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Friday, November 25, 2016

Trudeau government deserves credit for getting rid of coal...Do they???

The Trudeau government has taken important steps to assert Canadian leadership on environmental issues after years of neglect under the Harper government.

It played a key role in negotiating the landmark Paris Agreement on climate change, and in October it announced it will impose a national price on carbon starting in 2018. Now it plans to phase out almost all use of coal to generate electricity by 2030, a move that will cut greenhouse gas emissions while producing significant health benefits from cleaner air.

The usual suspects are grumbling, but the government deserves credit for pressing ahead on an issue that is arguably the most important this country, and all countries, must face: climate change.

The plan to get rid of coal essentially involves speeding up a plan developed under the Conservatives in 2012. It will require the four provinces that still have coal-fired electricity plants to shut them down, install carbon-capture technology, or achieve equivalent emission reductions elsewhere.

The government says that will have the same greenhouse-gas effect as taking 1.3 million cars off the road and will ensure that 90 per cent of Canada’s power sources are sustainable (up from 80 per cent now). And health groups say eliminating coal burning will prevent more than 1,000 premature deaths and save billions in health costs.

Only Saskatchewan Premier Brad Wall is griping and he is mostly isolated on this issue, now that Alberta is moving in a more environmentally responsible direction under its NDP government. It would be too much to expect every province to just fall in line.

Other critics say phasing out coal risks putting Canada badly out of step with the United States once Donald Trump is installed in the White House.

It’s true Trump has pledged to dump the Obama administration’s Clean Power Plan, which he calls a “war on coal.” That won him support in coal country, but it’s far from clear that Trump can actually deliver on his promise to revive the industry and the communities that depend on it.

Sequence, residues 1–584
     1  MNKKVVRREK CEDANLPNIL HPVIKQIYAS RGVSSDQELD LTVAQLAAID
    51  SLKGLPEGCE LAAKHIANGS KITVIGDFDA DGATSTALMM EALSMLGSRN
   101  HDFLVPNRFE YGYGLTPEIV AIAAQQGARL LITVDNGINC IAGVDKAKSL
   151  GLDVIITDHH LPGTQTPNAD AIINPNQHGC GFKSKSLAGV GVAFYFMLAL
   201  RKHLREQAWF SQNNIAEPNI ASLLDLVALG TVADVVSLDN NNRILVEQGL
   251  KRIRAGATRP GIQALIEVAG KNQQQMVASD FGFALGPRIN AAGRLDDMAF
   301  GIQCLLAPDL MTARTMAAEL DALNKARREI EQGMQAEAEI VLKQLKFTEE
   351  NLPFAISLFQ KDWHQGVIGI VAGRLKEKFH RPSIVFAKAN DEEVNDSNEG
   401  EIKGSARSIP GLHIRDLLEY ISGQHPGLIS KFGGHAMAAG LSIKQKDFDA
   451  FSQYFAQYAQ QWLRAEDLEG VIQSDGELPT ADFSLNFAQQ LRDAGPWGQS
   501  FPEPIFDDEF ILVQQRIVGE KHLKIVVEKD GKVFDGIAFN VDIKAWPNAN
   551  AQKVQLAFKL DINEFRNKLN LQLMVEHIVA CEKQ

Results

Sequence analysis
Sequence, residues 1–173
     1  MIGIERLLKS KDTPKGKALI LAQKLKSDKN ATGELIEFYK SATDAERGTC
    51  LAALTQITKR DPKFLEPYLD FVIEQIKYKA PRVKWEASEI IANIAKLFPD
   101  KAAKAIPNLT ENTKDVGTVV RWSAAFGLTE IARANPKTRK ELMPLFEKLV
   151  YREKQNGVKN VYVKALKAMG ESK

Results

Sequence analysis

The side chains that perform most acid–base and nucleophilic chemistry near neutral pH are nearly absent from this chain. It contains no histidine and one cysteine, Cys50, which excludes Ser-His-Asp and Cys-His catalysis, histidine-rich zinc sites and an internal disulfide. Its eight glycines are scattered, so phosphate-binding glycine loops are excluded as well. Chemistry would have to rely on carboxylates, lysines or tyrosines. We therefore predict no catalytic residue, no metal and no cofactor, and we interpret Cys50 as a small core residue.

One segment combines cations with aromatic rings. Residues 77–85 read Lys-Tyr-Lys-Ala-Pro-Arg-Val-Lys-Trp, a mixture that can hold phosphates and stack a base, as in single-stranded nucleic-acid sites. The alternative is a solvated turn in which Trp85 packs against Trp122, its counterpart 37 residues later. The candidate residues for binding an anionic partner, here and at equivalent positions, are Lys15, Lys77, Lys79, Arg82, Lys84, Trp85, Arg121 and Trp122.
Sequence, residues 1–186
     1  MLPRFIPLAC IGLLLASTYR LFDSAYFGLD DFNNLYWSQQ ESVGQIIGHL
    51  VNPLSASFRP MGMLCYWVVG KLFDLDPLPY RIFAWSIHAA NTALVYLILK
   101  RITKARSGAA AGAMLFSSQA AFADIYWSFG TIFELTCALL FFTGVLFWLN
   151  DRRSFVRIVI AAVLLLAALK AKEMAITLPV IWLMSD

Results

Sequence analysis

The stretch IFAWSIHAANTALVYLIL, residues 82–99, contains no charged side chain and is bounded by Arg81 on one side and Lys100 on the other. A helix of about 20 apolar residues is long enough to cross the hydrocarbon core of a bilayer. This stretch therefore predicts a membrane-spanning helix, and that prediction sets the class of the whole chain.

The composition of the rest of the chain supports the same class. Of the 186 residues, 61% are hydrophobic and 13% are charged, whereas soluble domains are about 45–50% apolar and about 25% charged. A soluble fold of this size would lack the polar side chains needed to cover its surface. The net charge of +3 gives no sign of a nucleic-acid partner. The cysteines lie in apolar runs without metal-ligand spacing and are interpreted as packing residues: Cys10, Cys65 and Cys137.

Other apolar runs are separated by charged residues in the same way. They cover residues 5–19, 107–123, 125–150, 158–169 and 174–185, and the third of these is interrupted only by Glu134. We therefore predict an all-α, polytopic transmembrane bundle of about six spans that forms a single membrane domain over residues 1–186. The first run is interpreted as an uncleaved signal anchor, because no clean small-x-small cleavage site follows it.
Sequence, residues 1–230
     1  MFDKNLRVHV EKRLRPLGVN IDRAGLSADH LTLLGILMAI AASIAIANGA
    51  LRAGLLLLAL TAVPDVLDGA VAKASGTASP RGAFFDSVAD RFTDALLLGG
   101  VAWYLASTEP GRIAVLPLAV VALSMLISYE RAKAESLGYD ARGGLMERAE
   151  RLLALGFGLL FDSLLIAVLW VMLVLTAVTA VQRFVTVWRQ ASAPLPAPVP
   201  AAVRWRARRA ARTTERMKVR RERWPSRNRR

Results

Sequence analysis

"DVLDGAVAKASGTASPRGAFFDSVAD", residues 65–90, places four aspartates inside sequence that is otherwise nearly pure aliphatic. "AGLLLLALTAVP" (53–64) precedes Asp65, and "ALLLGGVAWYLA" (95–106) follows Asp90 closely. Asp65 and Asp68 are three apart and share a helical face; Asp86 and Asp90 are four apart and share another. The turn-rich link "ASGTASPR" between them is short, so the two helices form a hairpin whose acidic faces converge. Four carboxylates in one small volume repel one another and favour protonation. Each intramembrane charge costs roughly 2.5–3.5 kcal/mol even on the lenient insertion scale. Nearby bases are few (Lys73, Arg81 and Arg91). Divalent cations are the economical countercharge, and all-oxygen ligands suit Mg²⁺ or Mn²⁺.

The fact is coal has been a dying industry for decades as utilities abandon it for cheaper, cleaner-burning natural gas and renewable alternatives. There used to be a quarter of a million coal mining jobs in the U.S.; now there are just over 50,000. Even Trump can’t do much to prop up an industry in such terminal decline.

In the face of all this, the Trudeau government’s plan makes eminent sense. But that doesn’t mean there won’t be trade-offs, and the provinces will have to make sure it doesn’t lead to sharply higher electricity prices.

For that, they should learn from the mistakes of Ontario. This province did away with coal-fired plants several years ago and moved boldly towards greener energy. But it’s now all too apparent that the government made a lot of mistakes along the way, and the Liberals are paying a high political price — as Premier Kathleen Wynne ruefully acknowledged over the weekend.

All governments must walk a fine line: take effective action on the environment without alienating the public. The federal government has made a good start on the first part. The second part, as Ontario is finding out, is bound to be more tricky.
SOURCE.
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First of all, there is such a thing as burning clean coal, we do have the technology...
Next, wont make a difference in the world because;
That's just 2 countries, watch African nations in the next 20 years.
As long as third world nations keep on building dirty coal power station, instead of clean ones, whatever we do on this side won't make a difference.
Oh wait, yes it will, your hydro and those of businesses will increase, taking more money from your pockets and eliminating jobs in the business sector.
Just look at Ontario Canada.
But hey at least the snowflakes out there will have their safe space to play with their play-dough, coloring books and pet their puppies, happier than pigs in shit that they imposed their ideas on the rest of us, even if it makes no difference.

The best way to handle all this is to research and share clean coal development, in order to help third world nations catch up, and eventually switch to more "affordable" clean energy...
One step at a time... 

When they "imposed" their ideas on us like they did in the province of Ontario, everything jumped in prices to a point where food for some is a commodity.
Do they care, they are hurting millions? Not one bit, after all, most of them (elitists) who do impose their will, without consultation can afford it.
They know who they hurt, but just don't give a sh*t...
Canada's rejection of coal will clear the air but impact workers and power bills

Trudeau government deserve credit?  For what? Spending and sending billions to other countries on top of what we already give at the expense of their own people?
They act as if we have to much and deserve to be put in the poor house.
What kind of government does that?

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